FLORIDA’S SPANISH TRACE
By Doc Lawrence
ST. AUGUSTINE, Florida-Our good friends at Kroger have been promoting “A Taste of Spain” recently and among the displays of olive oil, paella ingredients, smoked paprika and other staples one essential was missing: The wines of Spain.
|Spanish Trace near Monticello|
These European wines are the conceptual cousins of wines served today in Atlanta, Orlando, Miami Beach and throughout the South. You’ll recognize the names: Tempranillo, Garnacha, Albarino and Cava. They come from Spain’s wine regions like Rioja, Navarra, Toro, Rueda, La Mancha and Ribera del Duero and while they represent Old World styles, they are popular in warm weather states like Florida and Georgia and enjoyed much in the same way as Franciscan monks, settlers and soldiers five centuries ago in the New World.
|Tempranillo is a Regal Spanish Wine|
Follow the Spanish Trace west from St. Augustine to Monticello, a strikingly beautiful North Florida city. Lovely Victorian homes, a stunning courthouse, venerable well-maintained churches and pedestrian friendly sidewalks. Full Moon Farm and Apiary is a major honey producer and Golden Acres Ranch is alive with Tennessee Fainting Goats, lamb, guineas and lots of love, perfect places to learn what “local grown” really means.You can walk with the ghosts of Spanish explorers on a major well-preserved portion of the Spanish Trace at Avalon, Ted Turner’s 14,000 acre plantation. Ruins of Spanish missions have been excavated and preserved along this part of the Spanish Trace.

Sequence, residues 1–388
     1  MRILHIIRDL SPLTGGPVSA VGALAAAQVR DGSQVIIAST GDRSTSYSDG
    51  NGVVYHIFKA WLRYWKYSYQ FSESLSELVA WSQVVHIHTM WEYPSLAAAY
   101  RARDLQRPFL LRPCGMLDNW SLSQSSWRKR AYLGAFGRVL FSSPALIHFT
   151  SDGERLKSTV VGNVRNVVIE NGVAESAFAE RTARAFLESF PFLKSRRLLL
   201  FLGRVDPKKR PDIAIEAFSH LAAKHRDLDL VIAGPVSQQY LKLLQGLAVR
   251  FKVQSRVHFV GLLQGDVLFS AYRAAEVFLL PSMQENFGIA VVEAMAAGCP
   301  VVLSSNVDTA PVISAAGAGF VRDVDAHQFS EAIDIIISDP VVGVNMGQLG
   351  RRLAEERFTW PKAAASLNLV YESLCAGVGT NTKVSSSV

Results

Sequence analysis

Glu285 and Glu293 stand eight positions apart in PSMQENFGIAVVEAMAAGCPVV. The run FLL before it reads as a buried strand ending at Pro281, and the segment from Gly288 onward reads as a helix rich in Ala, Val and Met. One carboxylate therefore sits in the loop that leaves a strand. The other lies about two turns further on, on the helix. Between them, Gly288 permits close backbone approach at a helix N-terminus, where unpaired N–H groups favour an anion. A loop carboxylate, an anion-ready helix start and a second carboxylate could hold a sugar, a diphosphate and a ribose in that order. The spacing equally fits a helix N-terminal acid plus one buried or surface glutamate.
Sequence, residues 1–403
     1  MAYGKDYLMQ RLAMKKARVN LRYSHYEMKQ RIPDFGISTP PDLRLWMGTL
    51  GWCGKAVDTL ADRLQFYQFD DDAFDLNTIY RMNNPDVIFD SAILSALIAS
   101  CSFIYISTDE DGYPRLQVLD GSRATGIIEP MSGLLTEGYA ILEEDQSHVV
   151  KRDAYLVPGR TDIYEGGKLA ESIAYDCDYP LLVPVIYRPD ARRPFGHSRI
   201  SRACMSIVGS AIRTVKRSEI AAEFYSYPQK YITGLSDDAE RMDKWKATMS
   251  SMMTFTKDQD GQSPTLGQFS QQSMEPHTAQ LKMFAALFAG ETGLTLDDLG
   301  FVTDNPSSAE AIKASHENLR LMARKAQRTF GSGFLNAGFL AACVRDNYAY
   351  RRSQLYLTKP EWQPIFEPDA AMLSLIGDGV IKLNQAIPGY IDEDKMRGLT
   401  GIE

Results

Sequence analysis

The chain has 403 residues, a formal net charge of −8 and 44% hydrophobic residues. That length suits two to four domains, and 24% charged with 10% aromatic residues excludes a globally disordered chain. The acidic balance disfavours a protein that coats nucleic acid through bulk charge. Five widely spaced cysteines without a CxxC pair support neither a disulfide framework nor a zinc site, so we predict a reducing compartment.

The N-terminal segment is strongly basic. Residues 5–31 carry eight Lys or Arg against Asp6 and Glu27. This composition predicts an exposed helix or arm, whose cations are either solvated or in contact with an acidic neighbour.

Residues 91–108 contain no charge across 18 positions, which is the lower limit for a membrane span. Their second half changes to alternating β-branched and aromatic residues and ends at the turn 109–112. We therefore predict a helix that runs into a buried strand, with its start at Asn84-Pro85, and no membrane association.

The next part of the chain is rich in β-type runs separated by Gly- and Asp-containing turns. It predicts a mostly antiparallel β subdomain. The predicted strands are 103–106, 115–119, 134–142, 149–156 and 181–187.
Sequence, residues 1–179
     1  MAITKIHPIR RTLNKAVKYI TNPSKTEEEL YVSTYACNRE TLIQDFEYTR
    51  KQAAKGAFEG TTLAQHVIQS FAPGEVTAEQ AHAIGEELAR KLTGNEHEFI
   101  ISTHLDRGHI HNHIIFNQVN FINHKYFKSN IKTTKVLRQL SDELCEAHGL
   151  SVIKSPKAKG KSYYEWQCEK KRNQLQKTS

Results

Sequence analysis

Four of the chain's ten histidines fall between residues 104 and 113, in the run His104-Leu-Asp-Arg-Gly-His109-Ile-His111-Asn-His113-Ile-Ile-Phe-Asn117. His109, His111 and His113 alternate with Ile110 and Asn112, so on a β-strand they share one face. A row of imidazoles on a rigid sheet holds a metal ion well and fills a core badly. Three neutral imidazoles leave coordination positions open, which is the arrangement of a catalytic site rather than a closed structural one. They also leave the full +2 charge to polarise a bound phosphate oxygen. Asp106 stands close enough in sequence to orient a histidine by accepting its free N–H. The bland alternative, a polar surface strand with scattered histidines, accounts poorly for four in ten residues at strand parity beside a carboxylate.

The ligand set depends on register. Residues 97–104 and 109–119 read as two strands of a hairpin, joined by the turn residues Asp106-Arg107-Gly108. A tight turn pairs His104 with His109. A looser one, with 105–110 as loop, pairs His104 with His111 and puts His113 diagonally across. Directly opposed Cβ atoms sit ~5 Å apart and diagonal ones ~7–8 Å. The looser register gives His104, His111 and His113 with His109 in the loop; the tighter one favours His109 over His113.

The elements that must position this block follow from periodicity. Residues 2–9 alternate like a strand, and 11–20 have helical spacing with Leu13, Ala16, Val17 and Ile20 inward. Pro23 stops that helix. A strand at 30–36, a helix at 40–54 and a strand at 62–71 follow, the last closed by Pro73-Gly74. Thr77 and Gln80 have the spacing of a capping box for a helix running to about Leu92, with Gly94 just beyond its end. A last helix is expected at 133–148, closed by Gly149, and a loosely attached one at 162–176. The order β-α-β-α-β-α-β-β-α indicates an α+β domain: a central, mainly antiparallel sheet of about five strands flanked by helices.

Nearby is Dr. Cynthia Connelly’s Monticello Vineyards & Winery a 50-acre farm featuring wines made from native organic Muscadines. Dr. Connelly is an engaging conservationist and effective advocate of better living through organic farming. The beautifully maintained grounds offer a glimpse of Eden.
Near the Spanish Trace is the spring-fed Wacissa River, a state-designated Florida paddling trail, rich in wildlife, with a panorama of natural Florida featuring wading birds, alligators, otters, and raptors.
|Mission San Luis Chapel|
Going further west along the Trace takes you to Tallahassee’s Mission San Luis, a reconstructed fort, mission and farm that was once a major outpost in New Spain. Go to the monk’s quarters and there is a cellar that once shelved Spanish wines for communion and refreshment. Honored for successful restoration, Spanish settlers co-existed here with local Apalachee Indians. A replica of the tribe’s council house is just a few yards from the chapel and wine cellar.
Whether enjoying wines of Spain with tapas, paella, seafood or any kind of entrée, there should be a moment to ponder the ancient connection between these wines of Europe and today’s food. You might suspect that from the beginning these wines were forever destined for the Southern table.